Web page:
Can gorillas help fight poverty?
Posted on November 11, 2009, by United Way in Uncategorized
Tse Ming Tam joined United Way of The Bay Area in September 2006 and oversees our grant making in the East Bay. He is also responsible for the development of our SparkPoint Initiative, which helps low-income families achieve financial stability.
United Way: What part of your job do you enjoy the most?
Tse Ming: I've really enjoyed building new programs from the ground up - like SparkPoint - which can make a real difference in people's lives. Economically-disadvantaged people have such limited opportunities; usually they have only “bad choices” or “worse choices” they can make. SparkPoint is all about providing low-wage workers and families with the opportunity to make good choices. Bringing together all the pieces and partners to build SparkPoint has been very rewarding. SparkPoint Oakland Center has been open for just a few months, and we're already starting to see members take significant steps towards being more financially stable.
United Way: What is the biggest challenge that our community is facing?
Tse Ming: It's no secret that the economic crisis is having a huge impact on the low-wage families in our community, especially because they were already struggling to make ends meet. But there's a whole new group of people who are asking for help now, and the nonprofits trying to meet the huge surge in demand are being overwhelmed.
Fortunately, some nonprofits are recognizing this as an opportunity to change and re-evaluate the way they work. In addition to seeing families asking for help for the first-time in their lives, agencies are seeing clients whom they helped years ago returning for help, essentially having to start over. It's causing nonprofit organizations to rethink howthey are helping clients. They're asking, can we provide better services so that clients can survive and endure both the ups and downs of the economy once they leave our agency?
United Way: What is the best-kept secret about United Way?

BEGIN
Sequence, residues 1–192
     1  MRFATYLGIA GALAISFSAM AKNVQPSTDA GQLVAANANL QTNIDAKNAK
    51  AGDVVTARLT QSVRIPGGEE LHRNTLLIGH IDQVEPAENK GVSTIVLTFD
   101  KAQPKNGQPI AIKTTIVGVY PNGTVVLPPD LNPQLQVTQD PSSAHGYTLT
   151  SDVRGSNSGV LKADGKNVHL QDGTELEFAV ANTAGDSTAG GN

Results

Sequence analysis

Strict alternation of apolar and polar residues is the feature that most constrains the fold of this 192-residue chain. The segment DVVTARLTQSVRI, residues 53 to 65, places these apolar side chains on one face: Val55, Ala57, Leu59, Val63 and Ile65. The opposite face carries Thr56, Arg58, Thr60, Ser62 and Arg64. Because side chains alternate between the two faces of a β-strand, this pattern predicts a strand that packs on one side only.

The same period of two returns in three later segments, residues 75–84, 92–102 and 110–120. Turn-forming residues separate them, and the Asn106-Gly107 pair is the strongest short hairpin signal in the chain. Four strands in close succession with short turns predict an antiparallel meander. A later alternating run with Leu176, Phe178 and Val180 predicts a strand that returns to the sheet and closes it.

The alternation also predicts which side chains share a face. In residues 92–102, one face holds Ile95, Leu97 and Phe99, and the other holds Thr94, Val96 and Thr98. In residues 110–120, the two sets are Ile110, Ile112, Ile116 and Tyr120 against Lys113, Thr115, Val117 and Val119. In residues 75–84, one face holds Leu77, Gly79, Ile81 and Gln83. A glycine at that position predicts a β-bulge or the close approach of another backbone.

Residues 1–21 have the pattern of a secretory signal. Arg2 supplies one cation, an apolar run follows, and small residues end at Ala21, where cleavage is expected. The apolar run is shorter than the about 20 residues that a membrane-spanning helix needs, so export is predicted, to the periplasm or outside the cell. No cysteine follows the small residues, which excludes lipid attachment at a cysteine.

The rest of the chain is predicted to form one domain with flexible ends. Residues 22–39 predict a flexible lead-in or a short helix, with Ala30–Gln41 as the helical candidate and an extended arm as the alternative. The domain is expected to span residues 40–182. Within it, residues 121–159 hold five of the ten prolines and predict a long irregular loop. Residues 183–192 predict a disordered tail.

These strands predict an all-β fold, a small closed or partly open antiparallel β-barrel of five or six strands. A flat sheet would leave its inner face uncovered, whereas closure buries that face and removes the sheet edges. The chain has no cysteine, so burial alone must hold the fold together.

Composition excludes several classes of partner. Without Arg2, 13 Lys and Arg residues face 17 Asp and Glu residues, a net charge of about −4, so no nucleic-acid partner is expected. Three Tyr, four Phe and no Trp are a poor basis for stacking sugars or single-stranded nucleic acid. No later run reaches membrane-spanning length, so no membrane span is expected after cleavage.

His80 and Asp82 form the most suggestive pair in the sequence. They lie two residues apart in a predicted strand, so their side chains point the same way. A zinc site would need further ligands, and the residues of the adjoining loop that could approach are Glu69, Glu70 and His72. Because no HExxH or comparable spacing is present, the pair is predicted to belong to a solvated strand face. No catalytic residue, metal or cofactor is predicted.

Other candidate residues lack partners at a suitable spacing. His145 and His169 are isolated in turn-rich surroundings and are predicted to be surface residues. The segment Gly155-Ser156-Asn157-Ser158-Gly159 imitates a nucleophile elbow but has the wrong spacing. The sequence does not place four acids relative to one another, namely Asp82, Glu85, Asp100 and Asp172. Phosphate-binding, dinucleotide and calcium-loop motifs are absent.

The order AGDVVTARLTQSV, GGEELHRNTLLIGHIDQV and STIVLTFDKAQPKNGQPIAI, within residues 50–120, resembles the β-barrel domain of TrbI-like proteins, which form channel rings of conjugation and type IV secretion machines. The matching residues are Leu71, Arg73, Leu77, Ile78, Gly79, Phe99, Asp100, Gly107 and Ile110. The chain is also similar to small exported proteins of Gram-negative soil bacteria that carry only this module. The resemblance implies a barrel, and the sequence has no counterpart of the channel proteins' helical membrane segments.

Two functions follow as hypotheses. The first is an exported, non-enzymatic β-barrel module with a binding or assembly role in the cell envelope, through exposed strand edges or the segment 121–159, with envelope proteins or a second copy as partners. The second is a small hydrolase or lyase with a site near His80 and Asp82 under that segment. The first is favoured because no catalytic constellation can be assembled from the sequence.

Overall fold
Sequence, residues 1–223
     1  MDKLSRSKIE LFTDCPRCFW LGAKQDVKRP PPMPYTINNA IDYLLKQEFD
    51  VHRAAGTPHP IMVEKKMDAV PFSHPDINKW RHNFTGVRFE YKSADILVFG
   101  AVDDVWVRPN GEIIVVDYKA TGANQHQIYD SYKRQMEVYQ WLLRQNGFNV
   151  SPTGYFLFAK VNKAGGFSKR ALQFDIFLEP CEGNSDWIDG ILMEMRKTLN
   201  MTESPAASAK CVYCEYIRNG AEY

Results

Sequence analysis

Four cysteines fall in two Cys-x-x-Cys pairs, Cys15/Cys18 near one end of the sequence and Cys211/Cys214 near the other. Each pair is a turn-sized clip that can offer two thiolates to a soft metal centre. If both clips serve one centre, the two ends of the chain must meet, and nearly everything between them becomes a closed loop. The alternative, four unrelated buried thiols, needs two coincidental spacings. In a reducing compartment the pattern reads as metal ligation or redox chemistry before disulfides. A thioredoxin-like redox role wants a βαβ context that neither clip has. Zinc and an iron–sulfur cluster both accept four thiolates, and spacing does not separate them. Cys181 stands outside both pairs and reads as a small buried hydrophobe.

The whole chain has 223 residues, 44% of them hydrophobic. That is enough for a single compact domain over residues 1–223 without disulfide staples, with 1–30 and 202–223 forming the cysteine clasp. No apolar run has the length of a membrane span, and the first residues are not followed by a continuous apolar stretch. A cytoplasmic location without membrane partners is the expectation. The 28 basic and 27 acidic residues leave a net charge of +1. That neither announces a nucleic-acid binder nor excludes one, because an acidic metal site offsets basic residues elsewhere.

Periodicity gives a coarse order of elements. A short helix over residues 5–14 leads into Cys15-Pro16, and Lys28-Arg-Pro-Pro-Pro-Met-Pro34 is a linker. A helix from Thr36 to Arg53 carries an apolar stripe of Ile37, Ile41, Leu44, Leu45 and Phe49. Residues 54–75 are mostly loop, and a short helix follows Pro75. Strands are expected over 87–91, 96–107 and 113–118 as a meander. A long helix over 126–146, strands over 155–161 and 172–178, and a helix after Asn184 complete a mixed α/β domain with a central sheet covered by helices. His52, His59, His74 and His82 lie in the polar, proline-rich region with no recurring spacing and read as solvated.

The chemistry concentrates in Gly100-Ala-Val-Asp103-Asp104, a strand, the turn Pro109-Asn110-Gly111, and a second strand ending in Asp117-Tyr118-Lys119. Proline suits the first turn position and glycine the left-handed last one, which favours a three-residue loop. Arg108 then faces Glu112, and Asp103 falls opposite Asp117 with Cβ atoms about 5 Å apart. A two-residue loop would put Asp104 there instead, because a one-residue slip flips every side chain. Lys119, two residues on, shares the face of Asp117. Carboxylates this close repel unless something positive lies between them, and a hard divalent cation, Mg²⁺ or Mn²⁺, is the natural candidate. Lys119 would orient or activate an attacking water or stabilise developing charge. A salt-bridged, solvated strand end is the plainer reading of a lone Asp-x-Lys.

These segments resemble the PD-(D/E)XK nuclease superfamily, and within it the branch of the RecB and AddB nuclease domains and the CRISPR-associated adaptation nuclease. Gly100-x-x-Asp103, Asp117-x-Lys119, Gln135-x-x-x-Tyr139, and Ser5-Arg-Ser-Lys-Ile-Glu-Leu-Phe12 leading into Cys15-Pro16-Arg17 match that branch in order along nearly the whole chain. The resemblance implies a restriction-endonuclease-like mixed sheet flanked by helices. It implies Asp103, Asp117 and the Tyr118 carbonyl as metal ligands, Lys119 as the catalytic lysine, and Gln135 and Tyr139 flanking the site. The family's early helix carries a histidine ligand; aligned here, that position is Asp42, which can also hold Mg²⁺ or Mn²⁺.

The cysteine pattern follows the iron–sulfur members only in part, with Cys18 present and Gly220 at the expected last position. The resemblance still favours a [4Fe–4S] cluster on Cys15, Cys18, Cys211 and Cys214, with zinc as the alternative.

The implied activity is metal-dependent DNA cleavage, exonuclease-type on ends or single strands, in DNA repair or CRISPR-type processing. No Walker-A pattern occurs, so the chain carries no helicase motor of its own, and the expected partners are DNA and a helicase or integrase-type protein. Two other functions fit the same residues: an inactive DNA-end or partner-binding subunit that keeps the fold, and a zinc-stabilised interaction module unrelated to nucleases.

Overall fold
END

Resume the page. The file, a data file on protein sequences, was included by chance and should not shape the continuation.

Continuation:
Tse Ming: The role United Way has as a change agent - we are bringing tools and resources together to make things happen in our community. People have a misperception that we are only giving grants. They still learning about all of the other powerful “muscles” that we use to achieve community impact, including our role as a convener, our public policy work, and the direct service provided by our community projects.
United Way: What do you do for fun in your spare time?
Tse Ming: I enjoy the outdoors, including camping, hiking, skiing and hang gliding. I still want to learn how to SCUBA dive. I also enjoy brain-challenging games, like Soduko.
Before joining United Way, Tse Ming spent more than 10 years at the Insight Center for Community Economic Development, a national research, consulting and legal organization dedicated to building economic health and opportunity in vulnerable communities. Prior to that, Tse Ming served as the director for Chinese for Affirmative Action (CAA), a non-profit civil rights advocacy organization. During his tenure, CAA received President Clinton's Community Excellence Award.
Tse Ming lives in Pinole and hasresided in the Bay Area since 1983. He is a graduate of the New College of San Francisco with a B.A. in activism and social change.
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